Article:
Then, here's the procedure:
- Go to Start and type in "verifier" (without the quotes) and press Enter
- Select "Create custom settings (for code developers)" and click "Next"
- Select "Select individual settings from a full list" and click "Next"
- Select everything EXCEPT FOR "Special Pool", "Force Pending I/O Requests" and "Low Resource Simulation" and click "Next"
- Select "Select driver names from a list" and click "Next"
Then select all drivers NOT provided by Microsoft and click "Next"
- Select "Finish" on the next page.

Reboot the system and wait for it to crash to the Blue Screen.
Continue to use your system normally, and if you know what causes the crash, do that repeatedly.
The objective here is to get the system to crash because Driver Verifier is stressing the drivers out.
If it doesn't crash for you, then let it run for at least 36 hours of continuous operation.

Reboot into Windows (after the crash) and turn off Driver Verifier by going back in and selecting "Delete existing settings" on the first page, then locate and zip up the memory dump file and upload it with your next post.

If you can't get into Windows because it crashes too soon, try it in Safe Mode.
If you can't get into Safe Mode, try using System Restore from your installation DVD to set the system back to the previous restore point that you created.
My System SpecsSystem Spec
27 Feb 2012   #3
JMH

Win 7 Ultimate 64-bit. SP1.
 
 

Avast can be a contributing cause of BSOD'S .
Please remove and replace with Microsoft Security Essentials AT LEAST TO TEST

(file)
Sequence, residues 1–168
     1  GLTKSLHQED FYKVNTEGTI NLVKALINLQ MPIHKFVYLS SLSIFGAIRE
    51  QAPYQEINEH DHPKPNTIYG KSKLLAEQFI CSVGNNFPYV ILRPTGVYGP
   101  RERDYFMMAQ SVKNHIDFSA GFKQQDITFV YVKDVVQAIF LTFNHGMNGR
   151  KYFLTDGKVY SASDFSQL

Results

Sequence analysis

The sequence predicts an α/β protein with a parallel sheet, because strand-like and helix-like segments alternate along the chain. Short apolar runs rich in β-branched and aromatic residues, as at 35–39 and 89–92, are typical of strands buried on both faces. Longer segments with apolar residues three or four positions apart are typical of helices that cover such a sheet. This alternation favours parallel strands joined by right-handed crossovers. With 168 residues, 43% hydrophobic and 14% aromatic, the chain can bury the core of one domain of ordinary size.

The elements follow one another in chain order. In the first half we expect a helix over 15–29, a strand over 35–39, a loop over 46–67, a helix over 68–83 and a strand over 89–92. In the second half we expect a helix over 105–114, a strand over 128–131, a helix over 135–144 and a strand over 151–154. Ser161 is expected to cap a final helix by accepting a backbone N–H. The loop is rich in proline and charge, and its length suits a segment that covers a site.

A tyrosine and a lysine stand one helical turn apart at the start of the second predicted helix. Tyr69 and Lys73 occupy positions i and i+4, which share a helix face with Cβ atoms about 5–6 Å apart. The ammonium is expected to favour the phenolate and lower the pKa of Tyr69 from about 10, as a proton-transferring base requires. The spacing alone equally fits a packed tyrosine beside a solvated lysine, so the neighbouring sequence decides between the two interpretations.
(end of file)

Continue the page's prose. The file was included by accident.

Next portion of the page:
http://files.avast.com/files/eng/aswclear5.exe

Microsoft Security Essentials - Free Antivirus for Windows
My System SpecsSystem Spec
.

27 Feb 2012   #4
sawine

Windows 7 Pro 64bit
 
 

Quote   Quote: Originally Posted by zigzag3143 View Post
[B]
Memtest.
Quote:
*Download a copy of Memtest86 and burn the ISO to a CD using Iso Recorder or another ISO burning program. Memtest86+ - Advanced Memory Diagnostic Tool

*Boot from the CD, and leave it running for at least 5 or 6 passes.

Just remember, any time Memtest reports errors, it can be either bad RAM or a bad motherboard slot.

Test the sticks individually, and if you find a good one, test it in all slots.

Any errors are indicative of a memory problem.

If a known good stick fails in a motherboard slot it is probably the slot.

Like I mentioned in the OP, I previously ran memtest for more than 32 hours.

I first ran the test with 16gb for ~3 hours and obtained no errors.
Then I ran the test with 16gb again for 10hours and got those errors:


Then I ran a test for 7 hours again on 8gb, got no errors
And on the other 8gb for 7 hours and also got no errors.

Then..after I moved all the ram around, I ran the test on 16gb for ~10 hours again and got no errors.

Would that suggest that one of my motherboard slot is faulty ?

Quote   Quote: Originally Posted by JHM
Avast can be a contributing cause of BSOD'S .
Please remove and replace with Microsoft Security Essentials AT LEAST TO TEST
Will do.


Thanks again.
My System SpecsSystem Spec
27 Feb 2012   #5
zigzag3143

Win 8 Release candidate 8400
 
 

To narrow it down to either ram or mobo take one known good stick and re-run memtest using it in each mobo slot.
My System SpecsSystem Spec